The Beam

It shimmered; it pulsed; it burned; it illuminated; it flowed; it made all things possible.  It was life; it was death.  To see its magnificence in person was – well, it was as close to God as you could get.  You had to wear protective gear, or else you had to stay behind the shielded windows.  Only the dead were allowed to see it with the naked eye.

He was ninety-four.  His wrinkled, vein-riddled hands trembled, but not with fear.  He was not afraid.   He looked at the pad in front of him and he smiled.  The three men, the judges, the executioners, his saviors, they saw it.  They smiled too.  This also was their favorite part.

He was wearing his best clothes, the last material wealth he had; the rest had been spent getting here.  He was never a rich man; he’d spent much of his life in turmoil and struggle.  Two divorces, a son who died too young, three failed businesses, but all of that was behind him now.  His expensive tie, his flawless business suit, his shined-till-they-glowed shoes were all he had left, but he would not need them soon.

“Marshall Wilson,” said one of the men.  The old man stopped and looked to the window.  He made eye contact with the speaker; his eyes glinted with happiness.  “Can you confirm that’s you, please?  For the records.”

“I’m Marshall Wilson,” he replied as his voice choked.  It made the men behind the window smile again.

“Marshall, please give us you basic background information.  Your life, if you will.  Again, for the records.”

He cleared his throat.  He knew what the answer needed to be; they were well prepared for such a momentous day.  “My name is Marshall Wilson and I was born in 2076 in Houston, Texas.  My father was Dutch Wilson and my mother was Brittany Hammerstein.  I went to university in Paris where I learned quantum software.  I married Carlotta Mendez in 2106 and had three children with her: Tam, Zayed, and Morus.  Morus died in a work accident in 2127.  I’m now ninety four.  I’ve completed all legal contracts necessary and paid all fees required for the right to enter the Beam.”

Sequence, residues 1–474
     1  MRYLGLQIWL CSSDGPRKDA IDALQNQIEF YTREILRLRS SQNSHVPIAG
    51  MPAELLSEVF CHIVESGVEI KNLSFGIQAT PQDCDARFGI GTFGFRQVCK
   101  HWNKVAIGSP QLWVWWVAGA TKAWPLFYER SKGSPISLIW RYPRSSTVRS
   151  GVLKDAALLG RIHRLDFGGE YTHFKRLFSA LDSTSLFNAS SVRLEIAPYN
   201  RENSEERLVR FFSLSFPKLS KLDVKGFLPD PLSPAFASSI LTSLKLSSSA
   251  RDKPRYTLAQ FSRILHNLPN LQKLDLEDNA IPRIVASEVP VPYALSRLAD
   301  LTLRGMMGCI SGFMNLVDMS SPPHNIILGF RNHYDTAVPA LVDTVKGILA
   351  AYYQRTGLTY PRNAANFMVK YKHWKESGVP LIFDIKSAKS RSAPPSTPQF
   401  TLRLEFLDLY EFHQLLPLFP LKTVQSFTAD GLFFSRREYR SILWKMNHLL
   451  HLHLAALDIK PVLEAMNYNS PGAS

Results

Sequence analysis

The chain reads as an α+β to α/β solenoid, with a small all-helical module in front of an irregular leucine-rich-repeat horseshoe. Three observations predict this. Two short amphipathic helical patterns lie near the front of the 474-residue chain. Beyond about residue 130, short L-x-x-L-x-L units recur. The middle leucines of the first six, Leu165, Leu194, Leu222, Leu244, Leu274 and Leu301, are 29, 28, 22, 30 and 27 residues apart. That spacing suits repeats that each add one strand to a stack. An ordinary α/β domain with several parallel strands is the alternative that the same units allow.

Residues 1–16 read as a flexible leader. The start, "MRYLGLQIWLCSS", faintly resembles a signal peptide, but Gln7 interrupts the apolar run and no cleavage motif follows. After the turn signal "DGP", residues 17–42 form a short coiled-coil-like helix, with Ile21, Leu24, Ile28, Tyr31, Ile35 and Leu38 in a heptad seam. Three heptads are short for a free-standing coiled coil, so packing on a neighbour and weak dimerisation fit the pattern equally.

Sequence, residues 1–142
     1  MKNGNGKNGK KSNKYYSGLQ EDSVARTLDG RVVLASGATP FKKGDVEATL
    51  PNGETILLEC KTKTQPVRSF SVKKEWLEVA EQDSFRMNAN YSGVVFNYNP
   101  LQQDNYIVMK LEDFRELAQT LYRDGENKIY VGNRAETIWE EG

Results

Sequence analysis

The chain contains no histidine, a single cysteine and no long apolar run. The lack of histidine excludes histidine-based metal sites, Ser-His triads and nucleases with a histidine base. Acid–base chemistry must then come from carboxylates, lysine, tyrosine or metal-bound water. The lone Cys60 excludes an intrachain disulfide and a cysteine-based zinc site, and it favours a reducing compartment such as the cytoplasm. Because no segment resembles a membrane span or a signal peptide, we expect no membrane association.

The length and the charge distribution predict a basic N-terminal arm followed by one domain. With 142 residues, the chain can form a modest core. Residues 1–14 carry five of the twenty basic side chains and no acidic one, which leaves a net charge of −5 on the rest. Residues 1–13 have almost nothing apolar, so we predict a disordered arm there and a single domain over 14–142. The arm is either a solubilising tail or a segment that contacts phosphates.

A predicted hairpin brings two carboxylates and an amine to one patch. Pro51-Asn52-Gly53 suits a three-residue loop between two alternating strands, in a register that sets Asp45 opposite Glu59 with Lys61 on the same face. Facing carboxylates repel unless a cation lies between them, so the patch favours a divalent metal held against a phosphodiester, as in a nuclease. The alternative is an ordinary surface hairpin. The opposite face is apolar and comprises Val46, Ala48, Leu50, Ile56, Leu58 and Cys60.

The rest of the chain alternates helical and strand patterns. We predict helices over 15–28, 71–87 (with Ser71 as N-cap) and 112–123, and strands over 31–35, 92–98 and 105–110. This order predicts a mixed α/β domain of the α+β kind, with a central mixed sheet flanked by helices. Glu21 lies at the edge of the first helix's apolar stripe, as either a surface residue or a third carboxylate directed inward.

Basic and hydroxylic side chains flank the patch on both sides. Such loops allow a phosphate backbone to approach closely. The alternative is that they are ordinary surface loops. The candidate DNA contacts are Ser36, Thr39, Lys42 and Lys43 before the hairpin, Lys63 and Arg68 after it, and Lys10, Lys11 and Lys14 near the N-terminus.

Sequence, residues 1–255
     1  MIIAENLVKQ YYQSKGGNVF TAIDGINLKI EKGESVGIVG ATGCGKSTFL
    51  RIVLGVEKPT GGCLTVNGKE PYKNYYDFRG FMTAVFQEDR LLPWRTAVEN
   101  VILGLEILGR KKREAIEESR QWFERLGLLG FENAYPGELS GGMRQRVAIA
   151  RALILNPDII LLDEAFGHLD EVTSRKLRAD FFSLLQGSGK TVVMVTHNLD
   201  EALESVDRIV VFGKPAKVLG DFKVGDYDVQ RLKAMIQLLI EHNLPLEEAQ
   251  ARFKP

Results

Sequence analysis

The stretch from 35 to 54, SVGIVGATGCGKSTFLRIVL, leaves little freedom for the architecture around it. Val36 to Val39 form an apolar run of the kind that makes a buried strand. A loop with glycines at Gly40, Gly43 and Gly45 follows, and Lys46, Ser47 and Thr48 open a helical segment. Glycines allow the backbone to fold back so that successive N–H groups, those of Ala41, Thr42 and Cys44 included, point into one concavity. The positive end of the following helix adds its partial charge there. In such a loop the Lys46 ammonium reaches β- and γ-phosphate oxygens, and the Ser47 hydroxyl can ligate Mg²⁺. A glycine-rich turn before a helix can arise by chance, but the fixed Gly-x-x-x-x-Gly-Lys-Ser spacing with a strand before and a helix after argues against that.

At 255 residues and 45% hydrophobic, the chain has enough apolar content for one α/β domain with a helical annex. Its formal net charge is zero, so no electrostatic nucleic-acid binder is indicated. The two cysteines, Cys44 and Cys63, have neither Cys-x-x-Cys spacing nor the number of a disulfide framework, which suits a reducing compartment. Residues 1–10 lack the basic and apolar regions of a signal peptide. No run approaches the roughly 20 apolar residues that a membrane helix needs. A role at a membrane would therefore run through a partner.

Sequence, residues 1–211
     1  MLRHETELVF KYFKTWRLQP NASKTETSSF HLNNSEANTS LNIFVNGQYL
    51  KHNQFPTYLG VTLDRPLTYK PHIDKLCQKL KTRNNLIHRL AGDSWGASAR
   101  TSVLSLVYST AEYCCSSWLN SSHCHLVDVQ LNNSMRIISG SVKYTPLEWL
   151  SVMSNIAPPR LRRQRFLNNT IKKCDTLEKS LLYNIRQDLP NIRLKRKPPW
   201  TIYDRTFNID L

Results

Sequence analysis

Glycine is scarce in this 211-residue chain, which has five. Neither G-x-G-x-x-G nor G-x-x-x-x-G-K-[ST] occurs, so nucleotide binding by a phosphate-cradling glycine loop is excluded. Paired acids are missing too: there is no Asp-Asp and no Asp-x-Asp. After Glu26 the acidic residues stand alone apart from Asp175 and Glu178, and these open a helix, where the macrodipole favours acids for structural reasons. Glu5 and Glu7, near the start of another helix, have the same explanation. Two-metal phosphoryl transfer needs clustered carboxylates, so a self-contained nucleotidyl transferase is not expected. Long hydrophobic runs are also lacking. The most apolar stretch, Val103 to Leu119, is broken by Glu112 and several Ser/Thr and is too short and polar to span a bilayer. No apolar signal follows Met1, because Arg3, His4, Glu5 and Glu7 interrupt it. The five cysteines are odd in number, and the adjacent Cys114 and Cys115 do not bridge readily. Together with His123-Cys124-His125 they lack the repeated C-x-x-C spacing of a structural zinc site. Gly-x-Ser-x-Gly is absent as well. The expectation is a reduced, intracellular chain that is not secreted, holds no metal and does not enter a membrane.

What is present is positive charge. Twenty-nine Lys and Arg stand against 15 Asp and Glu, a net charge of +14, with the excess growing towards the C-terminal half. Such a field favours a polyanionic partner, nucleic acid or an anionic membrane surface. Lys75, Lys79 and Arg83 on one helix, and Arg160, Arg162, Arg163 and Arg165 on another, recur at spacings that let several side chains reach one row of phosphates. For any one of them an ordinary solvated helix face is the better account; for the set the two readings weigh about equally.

The men behind the glass nodded to each other.  A perfect answer.  “Thank you, Marshall.  Please, take a moment if you like.  We will open the shielding when you’re ready.”

Marshall turned from them and stepped onto the pad.  In front of him, behind the shielded windows, shone the Beam.  Beyond that, darkness, space, nothing, everything.  He gripped the railings around the pad; a lot of people needed those.  A few fainted; they had to be woken up so they could enjoy the moment they entered the Beam as they were contractually prescribed.

“Ready when you are.”

He took just a second.  “Ok.  Let me see it.”

For the men behind the window, there was no change.  Their shielding stayed up and the Beam remained a dull, white-yellow.  But for him – well, they could only wonder what he saw.  His hands clasped around the railings, harder and harder.

“Oh!”  But he did not faint.

“Inform us when you’re ready to have the door opened, Marshall.”

“Just a second.  Just a – oh!”

By now he was blind.  They could see his eyes were glossed over with a thick film.  His skin grew redder and redder, the cells dying in the intensity of the Beam, his flesh gone sour, the flakes dancing away from him, but soon he would need none of it.

“Oh!”

“Are you ready, Marshall?”  They couldn’t wait much longer.

“Yes!  Yes!  Open it!”

And so they did.  He fell; they watched.  Each of them turned over in their mind what it must have felt like; how fast it must have seemed, but how slow at the same time.  They wondered if his life literally did flash before his eyes, or if it was too quick.  A two second drop was not much, but nobody knew if time slowed down before the Beam.  There was much left unknown about the whole experience.  One of the three men blinked and missed the moment of contact; Marshall slid into the white-yellow Beam and vanished, vaporized, joined.  Thankfully there was a recording he could refer to.

It would take less than 16 minutes that day for Marshall’s soul to return to Earth from the station orbiting Mars.

“So goes his soul,” intoned the man in the middle.

“His soul returns home,” said another.

“And this soul will return to us,” said the third.

“So be it.”

“So be it.”

“So be it.”

The first man turned off the records with a gesture.  “When’s our next one?”

“Twenty minutes.”

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